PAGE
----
Identifying the Right Use Cases
Through automated intelligence tools, retailers can leverage all of their customer data to uncover emerging customer experience issues or new growth opportunities. From store layout and merchandising to the digital experience and social media, retailers can utilize changes in customer behavior data to learn what translates into increased revenue and brand loyalty while uncovering new trends, areas of opportunity and hidden relationships as they’re happening.
So where to start? One approach is to identify emerging issues in the business that have gone unaddressed or changes in customer behavior that have no obvious root cause. Another is to look at use cases from other retailers for examples of how AI has brought unknown issues to light, leading to improved revenue or customer experiences.
In one example, marketers at a leading bath and beauty brand were alerted to an unexpected rise in sales of a product category when overall revenue was generally falling. With an automated business analysis platform in place, the bath and beauty marketing team was automatically notified when candle sales exceeded the expected sales volume.
The team wasn’t analyzing each of their thousands of SKUs against their expected sales performance because there was far too much data for any analyst team to regularly analyze manually. But the AI tool automatically found this insight, and in doing so, helped direct the marketing team toward a specific product trend so they could bring in additional revenue. This “green shoot” of opportunity is a great example of how the next great marketing strategy can be hiding in business data in plain sight, but impossible to find without help.
As a result, the bath and beauty brand was able to quickly launch marketing campaigns to promote candles and leverage this positive change in customer buying behavior. This unexpected insight also helped the team ensure that inventory levels could align with the new expected sales. By simply uncovering a trend, the brand was able to capture more sales by capitalizing on an otherwise unseen potential revenue stream.
In another example, a CPG company was managing warehouses with hundreds of employees receiving and shipping perishable food products. Using automated business analysis, they discovered a quarterly low metric for the amount of time it was taking to start and complete a task in a particular warehouse queue. The work time for this stage was significantly shorter than average, and the CPG company wanted to figure out how to replicate this improved process across other queues to increase workflow and operational efficiencies.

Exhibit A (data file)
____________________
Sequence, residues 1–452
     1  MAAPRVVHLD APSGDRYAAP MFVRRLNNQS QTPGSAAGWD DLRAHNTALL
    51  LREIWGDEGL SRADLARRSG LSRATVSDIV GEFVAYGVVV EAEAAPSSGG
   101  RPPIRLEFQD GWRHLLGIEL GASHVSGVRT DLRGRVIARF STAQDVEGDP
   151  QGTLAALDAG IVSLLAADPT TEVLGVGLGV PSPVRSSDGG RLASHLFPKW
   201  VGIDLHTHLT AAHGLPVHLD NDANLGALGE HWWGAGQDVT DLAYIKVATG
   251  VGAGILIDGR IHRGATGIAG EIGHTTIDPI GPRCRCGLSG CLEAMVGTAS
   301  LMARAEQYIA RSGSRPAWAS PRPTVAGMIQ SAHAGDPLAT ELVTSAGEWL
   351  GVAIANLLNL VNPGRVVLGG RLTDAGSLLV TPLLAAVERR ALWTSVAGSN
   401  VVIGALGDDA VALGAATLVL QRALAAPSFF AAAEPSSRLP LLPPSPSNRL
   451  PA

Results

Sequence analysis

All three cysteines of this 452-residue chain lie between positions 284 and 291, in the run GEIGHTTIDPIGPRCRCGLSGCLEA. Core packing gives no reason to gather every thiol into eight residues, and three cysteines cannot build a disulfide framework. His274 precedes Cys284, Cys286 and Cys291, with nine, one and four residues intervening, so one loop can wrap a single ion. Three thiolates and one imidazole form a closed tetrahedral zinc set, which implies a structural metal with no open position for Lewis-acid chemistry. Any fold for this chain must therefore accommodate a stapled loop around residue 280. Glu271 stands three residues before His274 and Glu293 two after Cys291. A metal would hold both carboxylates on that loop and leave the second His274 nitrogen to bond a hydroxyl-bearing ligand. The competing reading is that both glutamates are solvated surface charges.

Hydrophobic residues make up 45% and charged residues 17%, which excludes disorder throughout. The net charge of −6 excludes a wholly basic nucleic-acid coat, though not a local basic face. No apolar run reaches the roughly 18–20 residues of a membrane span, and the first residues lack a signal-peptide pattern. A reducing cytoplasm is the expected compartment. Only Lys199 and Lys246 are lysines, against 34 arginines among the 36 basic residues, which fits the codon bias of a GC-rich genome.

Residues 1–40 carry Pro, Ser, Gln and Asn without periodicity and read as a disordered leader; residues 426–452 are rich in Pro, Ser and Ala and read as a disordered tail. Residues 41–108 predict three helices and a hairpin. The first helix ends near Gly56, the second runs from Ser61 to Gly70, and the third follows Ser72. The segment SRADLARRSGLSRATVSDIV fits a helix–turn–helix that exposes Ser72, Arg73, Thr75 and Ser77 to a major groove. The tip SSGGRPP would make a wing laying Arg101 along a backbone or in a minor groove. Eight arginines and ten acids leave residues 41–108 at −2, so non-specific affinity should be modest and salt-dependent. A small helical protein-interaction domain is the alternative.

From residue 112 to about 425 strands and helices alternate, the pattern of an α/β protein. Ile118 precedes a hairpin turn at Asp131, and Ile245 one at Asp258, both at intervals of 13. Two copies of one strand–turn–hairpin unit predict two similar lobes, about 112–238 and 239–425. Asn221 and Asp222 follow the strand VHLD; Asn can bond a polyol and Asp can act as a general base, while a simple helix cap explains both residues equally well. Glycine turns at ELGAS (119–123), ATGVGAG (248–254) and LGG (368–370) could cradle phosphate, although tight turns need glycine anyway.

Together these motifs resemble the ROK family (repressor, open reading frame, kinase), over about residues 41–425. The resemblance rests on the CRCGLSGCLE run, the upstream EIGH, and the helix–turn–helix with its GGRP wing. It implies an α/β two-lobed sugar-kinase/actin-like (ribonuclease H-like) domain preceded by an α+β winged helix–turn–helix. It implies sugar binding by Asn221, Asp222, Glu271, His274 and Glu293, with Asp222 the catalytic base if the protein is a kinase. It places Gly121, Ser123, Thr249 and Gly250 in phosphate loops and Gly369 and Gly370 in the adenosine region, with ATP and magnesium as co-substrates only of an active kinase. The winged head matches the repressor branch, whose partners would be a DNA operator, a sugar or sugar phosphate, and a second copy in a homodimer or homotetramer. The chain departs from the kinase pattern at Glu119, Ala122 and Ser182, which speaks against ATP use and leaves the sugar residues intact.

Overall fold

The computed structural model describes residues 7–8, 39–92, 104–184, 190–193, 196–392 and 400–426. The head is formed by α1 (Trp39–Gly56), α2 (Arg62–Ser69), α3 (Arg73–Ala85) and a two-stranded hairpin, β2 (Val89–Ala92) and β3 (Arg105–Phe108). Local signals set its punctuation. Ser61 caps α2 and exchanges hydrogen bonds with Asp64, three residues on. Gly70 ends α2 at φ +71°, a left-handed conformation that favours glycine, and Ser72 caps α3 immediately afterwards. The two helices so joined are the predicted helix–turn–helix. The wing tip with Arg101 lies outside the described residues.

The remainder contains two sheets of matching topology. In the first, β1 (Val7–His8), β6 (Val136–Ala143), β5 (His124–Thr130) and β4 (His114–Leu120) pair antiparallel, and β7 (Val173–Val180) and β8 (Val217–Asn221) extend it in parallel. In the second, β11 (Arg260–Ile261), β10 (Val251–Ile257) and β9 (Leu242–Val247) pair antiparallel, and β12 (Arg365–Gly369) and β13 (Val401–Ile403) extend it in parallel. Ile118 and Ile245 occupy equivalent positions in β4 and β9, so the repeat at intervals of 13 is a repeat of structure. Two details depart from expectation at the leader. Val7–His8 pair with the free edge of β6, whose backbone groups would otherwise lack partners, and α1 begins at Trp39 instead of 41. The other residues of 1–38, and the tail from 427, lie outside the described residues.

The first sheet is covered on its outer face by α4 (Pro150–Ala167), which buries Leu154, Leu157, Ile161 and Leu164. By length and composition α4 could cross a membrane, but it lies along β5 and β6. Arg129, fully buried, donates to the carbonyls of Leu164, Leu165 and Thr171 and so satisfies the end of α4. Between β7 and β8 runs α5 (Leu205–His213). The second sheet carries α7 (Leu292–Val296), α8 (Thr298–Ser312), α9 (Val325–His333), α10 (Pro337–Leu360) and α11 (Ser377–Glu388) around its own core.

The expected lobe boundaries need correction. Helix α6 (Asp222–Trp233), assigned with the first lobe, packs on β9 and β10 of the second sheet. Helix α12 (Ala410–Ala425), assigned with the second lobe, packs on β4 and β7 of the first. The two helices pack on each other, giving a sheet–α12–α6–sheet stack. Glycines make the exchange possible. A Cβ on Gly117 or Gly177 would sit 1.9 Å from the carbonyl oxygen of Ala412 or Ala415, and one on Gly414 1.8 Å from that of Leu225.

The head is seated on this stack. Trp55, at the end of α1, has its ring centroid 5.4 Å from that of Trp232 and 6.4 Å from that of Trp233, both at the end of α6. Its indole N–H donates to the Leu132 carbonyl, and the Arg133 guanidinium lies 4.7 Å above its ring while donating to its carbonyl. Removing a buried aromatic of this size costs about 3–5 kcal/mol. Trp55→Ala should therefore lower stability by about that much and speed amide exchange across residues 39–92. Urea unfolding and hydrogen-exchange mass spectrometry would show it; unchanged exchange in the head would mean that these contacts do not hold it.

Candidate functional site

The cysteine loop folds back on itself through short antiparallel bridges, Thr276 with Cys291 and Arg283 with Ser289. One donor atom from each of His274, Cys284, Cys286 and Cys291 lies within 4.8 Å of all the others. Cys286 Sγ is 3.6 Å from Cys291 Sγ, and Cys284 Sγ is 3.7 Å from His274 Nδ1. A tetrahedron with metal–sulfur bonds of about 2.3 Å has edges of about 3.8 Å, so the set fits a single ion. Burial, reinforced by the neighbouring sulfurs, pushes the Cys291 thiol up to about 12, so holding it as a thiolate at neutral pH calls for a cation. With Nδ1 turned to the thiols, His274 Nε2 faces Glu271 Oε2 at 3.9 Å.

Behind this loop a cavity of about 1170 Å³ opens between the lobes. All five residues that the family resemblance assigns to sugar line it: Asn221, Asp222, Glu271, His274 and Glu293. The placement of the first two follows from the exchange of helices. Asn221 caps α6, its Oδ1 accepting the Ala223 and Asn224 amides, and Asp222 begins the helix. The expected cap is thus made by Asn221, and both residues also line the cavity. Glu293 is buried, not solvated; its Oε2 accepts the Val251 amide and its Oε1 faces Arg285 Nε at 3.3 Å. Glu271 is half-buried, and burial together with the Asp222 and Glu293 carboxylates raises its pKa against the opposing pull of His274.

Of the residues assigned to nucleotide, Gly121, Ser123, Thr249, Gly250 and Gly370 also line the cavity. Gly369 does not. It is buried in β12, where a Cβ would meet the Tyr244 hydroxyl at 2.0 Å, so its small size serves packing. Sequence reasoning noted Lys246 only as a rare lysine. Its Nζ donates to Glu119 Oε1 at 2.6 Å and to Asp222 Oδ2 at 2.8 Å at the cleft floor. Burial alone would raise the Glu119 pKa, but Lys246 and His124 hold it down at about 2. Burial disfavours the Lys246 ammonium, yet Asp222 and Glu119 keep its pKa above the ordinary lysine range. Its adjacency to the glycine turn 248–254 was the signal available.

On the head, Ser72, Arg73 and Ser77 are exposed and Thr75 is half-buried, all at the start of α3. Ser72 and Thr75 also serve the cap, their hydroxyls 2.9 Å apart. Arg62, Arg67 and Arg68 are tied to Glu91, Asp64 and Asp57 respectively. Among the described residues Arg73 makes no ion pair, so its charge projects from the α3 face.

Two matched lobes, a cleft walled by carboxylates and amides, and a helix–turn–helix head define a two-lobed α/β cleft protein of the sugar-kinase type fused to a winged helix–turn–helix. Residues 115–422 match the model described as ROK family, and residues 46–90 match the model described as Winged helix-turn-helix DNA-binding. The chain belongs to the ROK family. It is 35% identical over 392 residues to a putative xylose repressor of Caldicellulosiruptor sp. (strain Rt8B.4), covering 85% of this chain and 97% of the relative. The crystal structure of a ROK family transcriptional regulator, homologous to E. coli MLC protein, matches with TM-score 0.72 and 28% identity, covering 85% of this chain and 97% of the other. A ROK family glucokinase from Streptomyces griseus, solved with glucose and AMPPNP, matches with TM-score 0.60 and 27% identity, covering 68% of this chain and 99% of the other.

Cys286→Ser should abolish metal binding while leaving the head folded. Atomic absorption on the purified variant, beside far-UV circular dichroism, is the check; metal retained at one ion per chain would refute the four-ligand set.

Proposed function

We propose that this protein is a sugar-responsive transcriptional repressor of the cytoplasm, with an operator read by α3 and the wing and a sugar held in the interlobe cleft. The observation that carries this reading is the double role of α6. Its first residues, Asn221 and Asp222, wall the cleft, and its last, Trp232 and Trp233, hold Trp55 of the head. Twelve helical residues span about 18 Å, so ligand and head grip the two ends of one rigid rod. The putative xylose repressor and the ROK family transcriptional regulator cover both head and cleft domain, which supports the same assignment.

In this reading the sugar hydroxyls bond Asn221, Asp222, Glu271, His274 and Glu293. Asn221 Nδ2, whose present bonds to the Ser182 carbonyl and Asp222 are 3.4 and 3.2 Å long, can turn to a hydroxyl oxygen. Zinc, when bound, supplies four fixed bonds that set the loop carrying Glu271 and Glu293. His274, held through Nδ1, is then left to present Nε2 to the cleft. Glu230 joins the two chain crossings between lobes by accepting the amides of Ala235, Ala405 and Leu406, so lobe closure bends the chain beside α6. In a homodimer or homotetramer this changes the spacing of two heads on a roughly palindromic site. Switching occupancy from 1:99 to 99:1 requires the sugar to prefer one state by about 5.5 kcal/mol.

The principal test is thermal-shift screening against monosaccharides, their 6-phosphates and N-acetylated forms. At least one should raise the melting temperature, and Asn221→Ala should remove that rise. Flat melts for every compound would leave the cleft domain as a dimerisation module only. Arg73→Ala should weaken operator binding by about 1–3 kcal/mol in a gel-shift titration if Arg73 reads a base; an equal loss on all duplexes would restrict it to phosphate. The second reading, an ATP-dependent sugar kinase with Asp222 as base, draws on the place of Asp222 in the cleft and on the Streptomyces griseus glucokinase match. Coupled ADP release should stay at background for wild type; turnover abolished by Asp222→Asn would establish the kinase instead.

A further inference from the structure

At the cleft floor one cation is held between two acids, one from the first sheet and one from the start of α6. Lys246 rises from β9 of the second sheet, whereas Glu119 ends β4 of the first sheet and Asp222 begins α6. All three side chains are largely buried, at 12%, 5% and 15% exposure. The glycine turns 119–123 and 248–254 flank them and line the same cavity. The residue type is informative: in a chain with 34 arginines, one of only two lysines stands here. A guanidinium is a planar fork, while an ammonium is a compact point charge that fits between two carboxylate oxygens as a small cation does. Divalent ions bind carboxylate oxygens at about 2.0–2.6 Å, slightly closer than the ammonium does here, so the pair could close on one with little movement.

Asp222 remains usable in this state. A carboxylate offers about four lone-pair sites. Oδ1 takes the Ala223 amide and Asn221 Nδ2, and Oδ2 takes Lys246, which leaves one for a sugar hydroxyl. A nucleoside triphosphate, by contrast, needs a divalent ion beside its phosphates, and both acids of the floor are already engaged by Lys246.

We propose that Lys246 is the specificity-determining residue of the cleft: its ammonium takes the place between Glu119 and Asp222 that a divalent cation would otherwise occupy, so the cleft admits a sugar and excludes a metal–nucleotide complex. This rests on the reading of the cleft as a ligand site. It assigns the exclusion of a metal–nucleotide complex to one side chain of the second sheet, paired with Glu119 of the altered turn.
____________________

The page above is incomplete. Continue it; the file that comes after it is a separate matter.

By quickly integrating existing data into its AI tool, the brand identified positive queue activity among specific workers. The company then identified what these workers were doing differently and used these learnings and practices throughout the warehouse. As a result, the brand was able to drive up overall output and sales, which would have otherwise been overlooked — missing an opportunity to improve overall retail operations.
Turning Actionable Insights Into a Reality
To stay competitive and keep pace with changes in customer behavior, more than half of all companies are looking to apply AI to their digital strategies, according to PwC. By identifying how AI can benefit the business, and utilizing tools that can be deployed and integrated quickly, retailers can take charge of their business data to ensure they keep their customers happy and have the upper hand over their competition.
Mike Stone is the CMO at Outlier.ai, responsible for the company’s market growth strategy, demand generation, communications, product marketing and inside sales. For over 20 years, Stone has led marketing organizations and provided strategic consulting to technology companies. Most recently, he was SVP of Marketing for Airship, the leader in mobile customer engagement. Prior to that, Stone led marketing for Salesforce Community Cloud from its initial launch through four years of dramatic worldwide growth.